• Strongly Dem (45)
  • Likely Dem (0)
  • Barely Dem (3)
  • Exactly tied (1)
  • Barely GOP (3)
  • Likely GOP (3)
  • Strongly GOP (45)
  • No Senate race
Map algorithm and special elections
An Orman (I) lead in Kansas is a "tie"
New polls: GA IA MI SD
Dem pickups : (None)
GOP pickups : AR CO IA LA MT SD WV

News from the Votemaster

New Senate Could Have As Many as 27 Women

A record number of 13 women are running for the Senate as Democrats or Republicans. There are currently 20 women in the Senate. In the best case, there could be 27 women in the new Senate because in two states (Maine and West Virginia) both candidates are women and only one is going to win and in four states the incumbent is a woman. Here is the list of female Senate candidates.

State Candidate Party
Georgia Michelle Nunn Democratic
Iowa Joni Ernst Republican
Kentucky Alison Lundergan-Grimes Democratic
Louisiana Mary Landrieu* Democratic
Maine Shenna Bellows Democratic
Maine Susan Collins* Republican
Michigan Terri Land Republican
Montana Amanda Curtis Democratic
North Carolina Kay Hagan* Democratic
New Hampshire Jeanne Shaheen* Democratic
Oregon Monica Wehby Republican
West Virginia Natalie Tennant Democratic
West Virginia Shelley Moore-Capito Republican

Realistically, given current polling, the maximum number of new women in the Senate is four, from Georgia, Iowa, Kentucky, and West Virginia, and of the four incumbent women, three of them could conceivably lose. Only Sen. Susan Collins (R-ME) is a shoo-in although Sen. Jeanne Shaheen (D-NH) is a likely winner. Of the other two, Sen. Kay Hagan (D-NC) looks like she will probably win whereas Sen. Mary Landrieu (D-LA) may finish first in the jungle primary on Nov. 4 but is less likely to win the runoff in December.

Colorado Senate Race Is All about Birth Control

Birth control is coming to dominate the final days of the Colorado Senate race. NARAL is launching a $450,000 ad campaign targeting young men and suggesting that if Cory Gardner (R) wins, the country will run out of condoms. Although many Republicans oppose various kinds of birth control, it is unlikely that even a Republican-controlled Senate will affect the number of condoms available. On the other hand, if Republicans do manage to ban some forms of birth control that they object to, it may cause some people to switch methods, but even if there is a surge of demand for condoms, the manufacturers could no doubt ramp up production.

However far fetched this ad may be, it could have an effect on low-information voters who have vaguely heard that Gardner opposes some forms of birth control but don't know the details. Democrats have long been targeting young women in Colorado, but this is the first major attempt to target young men.

Are There Really Many Moderate Voters?

It has been a staple of journalism for years that there are vast numbers of moderate voters in America and if the politicians would simply stop grandstanding, listen to the voters, and come together, Congress could do its work nicely and then sing kumbaya. However, two graduate students who have studied the voters carefully have come to a very different conclusion: the voters may actually be more extreme and the politicians are trying to tamp down the extreme positions of their constituents.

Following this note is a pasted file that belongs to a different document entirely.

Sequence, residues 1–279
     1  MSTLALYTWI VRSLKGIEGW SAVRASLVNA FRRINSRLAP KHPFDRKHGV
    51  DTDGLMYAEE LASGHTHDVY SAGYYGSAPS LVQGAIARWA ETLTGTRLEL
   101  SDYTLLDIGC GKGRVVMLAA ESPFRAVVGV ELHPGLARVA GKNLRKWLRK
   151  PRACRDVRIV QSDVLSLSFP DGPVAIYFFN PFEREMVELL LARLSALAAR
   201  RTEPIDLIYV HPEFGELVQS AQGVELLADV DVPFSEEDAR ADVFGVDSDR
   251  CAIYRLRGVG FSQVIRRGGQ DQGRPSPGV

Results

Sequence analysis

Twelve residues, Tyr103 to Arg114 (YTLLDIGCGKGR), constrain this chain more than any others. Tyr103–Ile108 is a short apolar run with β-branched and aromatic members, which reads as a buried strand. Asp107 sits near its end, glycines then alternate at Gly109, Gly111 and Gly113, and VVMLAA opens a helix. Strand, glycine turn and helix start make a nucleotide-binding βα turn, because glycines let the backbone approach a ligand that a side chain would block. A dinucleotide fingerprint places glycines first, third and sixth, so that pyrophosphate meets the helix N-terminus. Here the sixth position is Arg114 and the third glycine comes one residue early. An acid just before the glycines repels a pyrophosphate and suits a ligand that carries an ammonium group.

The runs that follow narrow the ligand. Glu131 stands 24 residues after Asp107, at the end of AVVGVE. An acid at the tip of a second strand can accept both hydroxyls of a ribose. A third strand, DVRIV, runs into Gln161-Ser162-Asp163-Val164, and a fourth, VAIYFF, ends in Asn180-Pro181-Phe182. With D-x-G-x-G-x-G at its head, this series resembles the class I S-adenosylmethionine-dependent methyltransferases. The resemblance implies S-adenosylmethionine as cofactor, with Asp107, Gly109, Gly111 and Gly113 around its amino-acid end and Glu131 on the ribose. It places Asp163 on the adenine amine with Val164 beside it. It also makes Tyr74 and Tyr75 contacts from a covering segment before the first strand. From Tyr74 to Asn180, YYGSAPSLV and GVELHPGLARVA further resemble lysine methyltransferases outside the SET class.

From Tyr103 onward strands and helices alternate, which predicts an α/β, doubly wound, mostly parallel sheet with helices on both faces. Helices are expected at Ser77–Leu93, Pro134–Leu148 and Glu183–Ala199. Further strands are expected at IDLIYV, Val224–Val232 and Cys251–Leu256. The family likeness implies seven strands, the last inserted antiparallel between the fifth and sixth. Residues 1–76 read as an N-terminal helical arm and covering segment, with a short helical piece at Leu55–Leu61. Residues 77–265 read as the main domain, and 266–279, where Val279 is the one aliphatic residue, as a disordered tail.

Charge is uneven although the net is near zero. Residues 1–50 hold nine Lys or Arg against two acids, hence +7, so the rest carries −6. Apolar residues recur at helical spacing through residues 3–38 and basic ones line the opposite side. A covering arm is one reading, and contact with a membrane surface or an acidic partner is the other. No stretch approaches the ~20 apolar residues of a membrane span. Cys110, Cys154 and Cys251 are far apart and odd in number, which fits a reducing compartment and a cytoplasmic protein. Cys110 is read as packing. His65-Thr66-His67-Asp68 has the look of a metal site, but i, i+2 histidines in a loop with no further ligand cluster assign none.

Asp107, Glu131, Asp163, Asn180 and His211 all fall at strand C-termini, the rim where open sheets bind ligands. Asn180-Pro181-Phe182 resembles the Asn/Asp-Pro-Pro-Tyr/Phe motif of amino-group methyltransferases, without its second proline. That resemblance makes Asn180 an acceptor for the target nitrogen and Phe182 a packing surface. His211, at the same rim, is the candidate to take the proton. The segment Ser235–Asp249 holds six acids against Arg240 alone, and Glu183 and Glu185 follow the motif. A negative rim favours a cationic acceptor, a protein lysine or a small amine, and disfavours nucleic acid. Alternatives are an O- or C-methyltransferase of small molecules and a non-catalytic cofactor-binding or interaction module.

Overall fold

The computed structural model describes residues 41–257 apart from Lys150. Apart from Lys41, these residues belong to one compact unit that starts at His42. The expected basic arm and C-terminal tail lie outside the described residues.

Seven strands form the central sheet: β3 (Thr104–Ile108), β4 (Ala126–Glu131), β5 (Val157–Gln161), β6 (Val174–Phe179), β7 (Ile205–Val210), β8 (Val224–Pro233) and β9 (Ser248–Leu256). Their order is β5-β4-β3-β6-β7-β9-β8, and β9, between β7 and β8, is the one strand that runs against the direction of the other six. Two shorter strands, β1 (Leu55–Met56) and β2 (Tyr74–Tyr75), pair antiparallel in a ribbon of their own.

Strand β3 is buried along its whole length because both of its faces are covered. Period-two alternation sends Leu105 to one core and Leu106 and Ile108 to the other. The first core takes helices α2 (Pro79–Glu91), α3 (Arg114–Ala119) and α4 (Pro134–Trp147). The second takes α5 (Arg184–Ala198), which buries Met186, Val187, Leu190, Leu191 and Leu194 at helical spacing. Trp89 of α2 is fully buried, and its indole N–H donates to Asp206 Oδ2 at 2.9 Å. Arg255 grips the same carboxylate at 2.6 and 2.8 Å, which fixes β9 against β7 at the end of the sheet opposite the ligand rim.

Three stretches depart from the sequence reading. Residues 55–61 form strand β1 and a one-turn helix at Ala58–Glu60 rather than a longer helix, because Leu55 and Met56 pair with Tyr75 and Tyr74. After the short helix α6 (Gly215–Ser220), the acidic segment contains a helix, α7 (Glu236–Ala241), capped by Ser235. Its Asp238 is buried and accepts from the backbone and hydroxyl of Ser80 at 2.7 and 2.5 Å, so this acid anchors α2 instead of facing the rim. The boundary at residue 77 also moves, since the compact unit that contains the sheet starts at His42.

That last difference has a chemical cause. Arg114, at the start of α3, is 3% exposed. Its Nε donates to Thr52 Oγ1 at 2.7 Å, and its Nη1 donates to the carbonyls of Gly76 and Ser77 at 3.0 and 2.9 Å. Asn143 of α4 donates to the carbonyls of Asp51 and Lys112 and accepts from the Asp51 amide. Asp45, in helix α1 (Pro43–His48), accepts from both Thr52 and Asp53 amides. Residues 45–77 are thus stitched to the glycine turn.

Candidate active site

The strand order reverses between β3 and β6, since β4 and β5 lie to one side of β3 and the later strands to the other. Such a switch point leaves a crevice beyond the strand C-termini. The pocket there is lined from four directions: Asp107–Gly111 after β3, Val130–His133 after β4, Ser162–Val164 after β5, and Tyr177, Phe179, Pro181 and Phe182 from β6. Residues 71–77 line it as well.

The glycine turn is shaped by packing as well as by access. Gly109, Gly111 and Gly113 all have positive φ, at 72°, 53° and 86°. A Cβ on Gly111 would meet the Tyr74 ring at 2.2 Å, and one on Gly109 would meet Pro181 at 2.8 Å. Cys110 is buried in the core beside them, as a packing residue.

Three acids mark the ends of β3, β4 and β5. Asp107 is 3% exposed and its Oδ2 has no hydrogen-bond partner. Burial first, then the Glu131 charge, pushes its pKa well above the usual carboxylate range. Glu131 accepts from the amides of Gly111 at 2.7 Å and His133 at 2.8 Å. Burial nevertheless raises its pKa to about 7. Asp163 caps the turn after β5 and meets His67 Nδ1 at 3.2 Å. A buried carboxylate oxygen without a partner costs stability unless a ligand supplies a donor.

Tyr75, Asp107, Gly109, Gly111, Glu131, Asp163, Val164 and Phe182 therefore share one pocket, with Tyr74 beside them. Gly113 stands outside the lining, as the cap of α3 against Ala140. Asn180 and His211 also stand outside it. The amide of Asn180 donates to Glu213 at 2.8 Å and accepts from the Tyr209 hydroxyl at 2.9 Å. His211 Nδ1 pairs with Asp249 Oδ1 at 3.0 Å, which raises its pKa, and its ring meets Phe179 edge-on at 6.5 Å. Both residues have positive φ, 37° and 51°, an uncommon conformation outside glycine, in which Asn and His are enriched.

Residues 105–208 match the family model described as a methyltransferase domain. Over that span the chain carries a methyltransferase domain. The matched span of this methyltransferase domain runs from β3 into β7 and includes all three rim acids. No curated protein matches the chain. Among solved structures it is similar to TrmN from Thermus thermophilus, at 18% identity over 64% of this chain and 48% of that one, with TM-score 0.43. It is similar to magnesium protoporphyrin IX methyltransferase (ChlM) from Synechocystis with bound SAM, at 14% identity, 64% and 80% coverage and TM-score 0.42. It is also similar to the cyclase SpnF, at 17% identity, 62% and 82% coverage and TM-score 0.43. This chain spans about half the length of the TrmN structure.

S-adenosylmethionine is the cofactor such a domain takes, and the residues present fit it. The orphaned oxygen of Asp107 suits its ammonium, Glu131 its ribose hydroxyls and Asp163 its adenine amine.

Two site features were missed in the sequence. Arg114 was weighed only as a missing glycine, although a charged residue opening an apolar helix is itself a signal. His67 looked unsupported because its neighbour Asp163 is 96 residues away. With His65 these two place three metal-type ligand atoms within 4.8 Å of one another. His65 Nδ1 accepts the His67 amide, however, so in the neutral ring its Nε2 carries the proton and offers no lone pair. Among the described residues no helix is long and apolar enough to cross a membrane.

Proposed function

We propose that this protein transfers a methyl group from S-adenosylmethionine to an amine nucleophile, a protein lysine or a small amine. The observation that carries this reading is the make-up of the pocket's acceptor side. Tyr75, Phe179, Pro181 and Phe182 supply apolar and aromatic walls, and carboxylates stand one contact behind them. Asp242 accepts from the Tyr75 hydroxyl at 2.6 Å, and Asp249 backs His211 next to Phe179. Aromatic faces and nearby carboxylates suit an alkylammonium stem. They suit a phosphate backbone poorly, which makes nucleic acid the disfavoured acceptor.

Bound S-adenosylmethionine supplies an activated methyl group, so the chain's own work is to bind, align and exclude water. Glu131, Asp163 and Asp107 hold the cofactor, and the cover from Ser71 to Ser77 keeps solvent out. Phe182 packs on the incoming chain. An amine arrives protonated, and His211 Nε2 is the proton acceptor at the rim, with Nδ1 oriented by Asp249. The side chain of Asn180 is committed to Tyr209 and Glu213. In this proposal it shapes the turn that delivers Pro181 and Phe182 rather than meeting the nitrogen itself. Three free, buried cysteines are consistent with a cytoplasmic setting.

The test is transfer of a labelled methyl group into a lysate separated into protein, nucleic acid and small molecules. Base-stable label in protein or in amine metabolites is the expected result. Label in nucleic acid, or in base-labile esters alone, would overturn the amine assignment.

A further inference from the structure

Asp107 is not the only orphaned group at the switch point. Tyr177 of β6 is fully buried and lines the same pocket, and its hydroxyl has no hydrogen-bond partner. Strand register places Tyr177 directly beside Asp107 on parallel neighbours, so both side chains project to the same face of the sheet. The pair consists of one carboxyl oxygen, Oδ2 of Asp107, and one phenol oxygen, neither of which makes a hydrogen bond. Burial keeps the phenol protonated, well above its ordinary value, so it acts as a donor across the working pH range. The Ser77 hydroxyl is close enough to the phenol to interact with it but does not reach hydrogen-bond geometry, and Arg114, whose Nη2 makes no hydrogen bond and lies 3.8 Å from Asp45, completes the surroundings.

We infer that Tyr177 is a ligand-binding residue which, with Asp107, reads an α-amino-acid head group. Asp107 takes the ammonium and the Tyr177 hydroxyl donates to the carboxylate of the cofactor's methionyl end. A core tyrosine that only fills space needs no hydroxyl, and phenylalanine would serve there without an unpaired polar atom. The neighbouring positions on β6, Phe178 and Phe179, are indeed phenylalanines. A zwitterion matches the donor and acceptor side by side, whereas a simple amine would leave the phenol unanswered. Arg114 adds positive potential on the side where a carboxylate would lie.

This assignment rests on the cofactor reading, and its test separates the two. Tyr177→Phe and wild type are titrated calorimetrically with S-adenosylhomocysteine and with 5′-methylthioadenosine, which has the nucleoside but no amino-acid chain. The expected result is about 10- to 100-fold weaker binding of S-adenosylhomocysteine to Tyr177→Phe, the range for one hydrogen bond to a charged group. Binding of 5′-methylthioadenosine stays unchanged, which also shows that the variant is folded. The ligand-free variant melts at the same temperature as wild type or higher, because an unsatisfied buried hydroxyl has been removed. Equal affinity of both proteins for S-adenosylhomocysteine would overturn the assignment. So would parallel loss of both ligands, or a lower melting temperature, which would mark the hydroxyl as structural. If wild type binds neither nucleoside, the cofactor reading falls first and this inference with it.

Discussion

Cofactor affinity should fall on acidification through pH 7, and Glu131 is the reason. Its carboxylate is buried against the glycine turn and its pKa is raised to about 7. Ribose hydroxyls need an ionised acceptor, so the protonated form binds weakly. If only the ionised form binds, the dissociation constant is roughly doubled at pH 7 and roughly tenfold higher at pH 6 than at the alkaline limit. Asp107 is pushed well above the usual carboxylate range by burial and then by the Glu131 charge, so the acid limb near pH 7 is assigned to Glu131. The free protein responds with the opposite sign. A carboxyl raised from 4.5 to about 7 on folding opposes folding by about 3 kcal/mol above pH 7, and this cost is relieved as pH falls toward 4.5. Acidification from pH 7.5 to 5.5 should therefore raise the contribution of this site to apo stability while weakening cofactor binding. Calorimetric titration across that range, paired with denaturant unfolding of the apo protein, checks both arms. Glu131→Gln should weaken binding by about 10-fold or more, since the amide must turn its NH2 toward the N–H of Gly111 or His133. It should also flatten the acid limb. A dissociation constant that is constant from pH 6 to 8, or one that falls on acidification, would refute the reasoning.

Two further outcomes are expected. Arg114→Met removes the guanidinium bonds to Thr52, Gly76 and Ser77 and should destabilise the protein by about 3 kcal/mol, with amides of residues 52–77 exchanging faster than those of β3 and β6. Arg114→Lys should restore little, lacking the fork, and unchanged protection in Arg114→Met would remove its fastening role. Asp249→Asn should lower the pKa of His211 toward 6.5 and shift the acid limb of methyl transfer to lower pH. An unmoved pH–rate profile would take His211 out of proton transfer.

The problem is that most attempts to place voters on a left-right spectrum take a number of inputs and come out with a single position: left, moderate, or right. To consider a hypothetical, but not that unrealistic example, consider a voter who wants to have a maximum annual income of $1,000,000, that is, a 100% income tax on income above $1,000,000. He is thus an extreme leftist. Now suppose the same voter is also totally against same-sex marriage. Clearly, he is a right-winger. When these get averaged into one value, he comes out as a moderate. In surveys that included extreme positions on various issues, something mainstream polling organizations tend to omit, researchers got bimodal distributions, that is big bumps on left and right, but not so much in the middle. The bumps on the left were more extreme than what the Democratic Party wants and the bumps on the right were more extreme than what the Republican Party wants. Concluding that the average voter is thus a moderate really misses the point.

Sometimes Sure-Thing Candidates Fizzle Out

At the start of this election cycle, a number of candidates were hailed as breakthrough candidates who were going to do big things. Some of them did but some others fizzled. Here is a list of candidates who were touted to the moon earlier this year but have since been fallen to earth with a big thud.

Terri Lynn Land. When six-term senator Carl Levin (D-MI) decided to retire, Republicans could hardly stop salivating at the prospect of capturing his seat. While not their first choice, former Michigan secretary of state Terri Lynn Land looked like a strong candidate. But after she ran an ad in which there was dead air for 10 seconds, almost everyone labeled it the worst ad of the year and Land was finished. Last week the NRSC pulled all of her funding, which will allow her opponent, Rep. Gary Peters (D-MI), to cruise to an easy victory next week.

Monica Wehby. A pro-choice, female pediatric neurosurgeon looked like the ideal Republican candidate to take on Sen. Jeff Merkeley (D-OR) in mostly liberal Oregon. She even had a great slogan: "Keep your doctor, change your senator." She's now down by double digits so it looks like Oregon is going keep its doctors and its senators and Wehby is going back to helping sick babies.

Mike McFadden. In 2008, Sen. Al Franken (D-MN) won his election by 300 votes after 6 months of hand-to-hand combat over every ballot. Clearly, he was going to have trouble dispatching wealthy self-funding businessman Mike McFadden who was going to tell the good people of Minnesota that while Franken was clowning around (he used to be a professional comedian) he was creating jobs. Didn't turn out like that. After he was elected, everyone was expecting Franken to be in the news constantly with a stream of clever one-liners aimed at the Republicans. Everyone was wrong. Franken has been a model junior senator, keeping a low profile and attending to his constituents. They clearly want him to do this for another 6 years.